Back for a visit. Might stay a while...
Yes, I am still keeping bees. Yes, I am keeping them as naturally as possible. The only "foreign" substances I put in my hives are:
1) 2:1 Fall Sugar Syrup (White Sugar / Water / Ascorbic Acid - the Vit C acidifies the syrup so it more closely approximates the pH of somewhat concentrated nectar and hopefully results in "honey" with a pH closer to that of natural nectar-based honey)
2) BT - Sprayed on COMB PRIOR
to storage as needed throughout the season. I use aizawai-strain BT (Xentari)
3) Dry sugar on newspaper on the top bars to winterize - though I didn't use any this past year
4) Smoke. Usually from dried wood chips I collect by the side of the road. I light them with an instant-light propane torch. They work great when you find the small ones.
I am in south east PA. I run between 10 and 15 foundationless natural size cell hives; I let the bees build whatever they like. I minimally manage my hives; if I get a good honey harvest, great! If not, no big deal. I have not purchased queens or bees for 7 or 8 years; the majority of my bees come from local removals and swarms (my longest-lived colonies are from long-lived removals).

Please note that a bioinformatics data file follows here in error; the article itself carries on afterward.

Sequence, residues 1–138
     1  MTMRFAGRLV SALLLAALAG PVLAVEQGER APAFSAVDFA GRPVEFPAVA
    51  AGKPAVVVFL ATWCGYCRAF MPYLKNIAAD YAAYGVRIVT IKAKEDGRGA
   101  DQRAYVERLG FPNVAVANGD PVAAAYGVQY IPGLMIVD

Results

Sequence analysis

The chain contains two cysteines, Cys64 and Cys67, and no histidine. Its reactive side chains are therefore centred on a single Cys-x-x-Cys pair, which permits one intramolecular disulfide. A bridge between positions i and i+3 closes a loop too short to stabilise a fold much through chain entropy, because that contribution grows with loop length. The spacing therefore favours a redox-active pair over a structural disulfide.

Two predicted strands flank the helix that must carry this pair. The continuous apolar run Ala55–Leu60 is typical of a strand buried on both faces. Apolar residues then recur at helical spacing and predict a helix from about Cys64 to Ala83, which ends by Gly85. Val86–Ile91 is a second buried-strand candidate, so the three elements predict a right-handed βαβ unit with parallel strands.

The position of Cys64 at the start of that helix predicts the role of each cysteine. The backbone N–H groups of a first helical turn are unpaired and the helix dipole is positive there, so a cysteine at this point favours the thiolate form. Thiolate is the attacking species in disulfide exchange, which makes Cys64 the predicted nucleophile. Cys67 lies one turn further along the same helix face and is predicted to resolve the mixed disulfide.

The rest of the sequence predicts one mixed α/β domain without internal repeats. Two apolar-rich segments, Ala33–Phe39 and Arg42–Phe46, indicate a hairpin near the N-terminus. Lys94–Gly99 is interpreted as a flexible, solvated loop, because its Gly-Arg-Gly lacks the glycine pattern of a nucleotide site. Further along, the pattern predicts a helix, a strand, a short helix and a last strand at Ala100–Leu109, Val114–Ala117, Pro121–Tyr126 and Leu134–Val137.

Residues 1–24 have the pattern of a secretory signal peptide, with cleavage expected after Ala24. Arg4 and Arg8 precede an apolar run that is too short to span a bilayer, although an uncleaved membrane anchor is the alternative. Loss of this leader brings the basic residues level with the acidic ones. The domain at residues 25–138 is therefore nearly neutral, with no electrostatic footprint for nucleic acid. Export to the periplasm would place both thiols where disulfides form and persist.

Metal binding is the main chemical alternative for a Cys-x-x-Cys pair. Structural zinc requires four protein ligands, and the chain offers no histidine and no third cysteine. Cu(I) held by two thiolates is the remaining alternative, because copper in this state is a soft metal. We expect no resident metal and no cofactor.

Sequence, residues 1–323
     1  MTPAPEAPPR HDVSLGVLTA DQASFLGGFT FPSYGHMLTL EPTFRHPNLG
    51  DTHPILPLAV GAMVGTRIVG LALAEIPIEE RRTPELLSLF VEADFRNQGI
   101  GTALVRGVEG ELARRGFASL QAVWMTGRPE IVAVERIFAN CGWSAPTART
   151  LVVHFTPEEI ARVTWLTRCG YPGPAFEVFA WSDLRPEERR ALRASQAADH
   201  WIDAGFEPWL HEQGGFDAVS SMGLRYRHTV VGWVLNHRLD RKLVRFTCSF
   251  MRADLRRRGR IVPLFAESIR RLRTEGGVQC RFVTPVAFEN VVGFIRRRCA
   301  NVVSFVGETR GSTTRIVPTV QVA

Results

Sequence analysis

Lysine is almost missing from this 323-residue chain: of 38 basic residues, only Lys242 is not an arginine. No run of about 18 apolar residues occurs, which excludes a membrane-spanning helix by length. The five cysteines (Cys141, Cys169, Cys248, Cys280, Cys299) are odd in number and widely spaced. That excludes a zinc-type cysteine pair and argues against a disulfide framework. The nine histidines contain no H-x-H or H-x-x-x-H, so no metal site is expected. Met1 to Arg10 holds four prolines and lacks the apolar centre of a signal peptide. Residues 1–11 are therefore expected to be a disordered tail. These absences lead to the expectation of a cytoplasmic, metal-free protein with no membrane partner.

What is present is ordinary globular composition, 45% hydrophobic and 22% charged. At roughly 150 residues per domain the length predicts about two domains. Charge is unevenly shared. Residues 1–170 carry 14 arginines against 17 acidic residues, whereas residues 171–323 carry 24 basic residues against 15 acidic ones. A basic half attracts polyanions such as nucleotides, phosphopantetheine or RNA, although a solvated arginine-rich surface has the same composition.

Winter losses this past winter were 30% (3 of 10 hives). One colony did not put up sufficient stores and died early in the winter. The other two failed to move to nearby (available) stores during cold snaps (one failed to move UP to overhead honey. The other failed to move OVER to adjacent frames of nearby honey).
Yes, we have SHB here. They're annoying but generally not detrimental to my hives that I've seen. Some colonies seem to host a noticeably larger number of SHBs than others... I don't do anything to manage them.
With one exception, surviving colonies this spring are reasonably strong, and I am supering up for honey this year. I have a ton of old frames to melt in the solar wax melter I built last year. Unfortunately it doesn't get as hot as required. I'm thinking of adding a whole bunch of strong magnets to attract in more sun. Just checking to see if you actually read this far
Oh, and I'm very much a MB disciple. Most of what I know about bees I learned here, directly from the bees, or via a combination of both.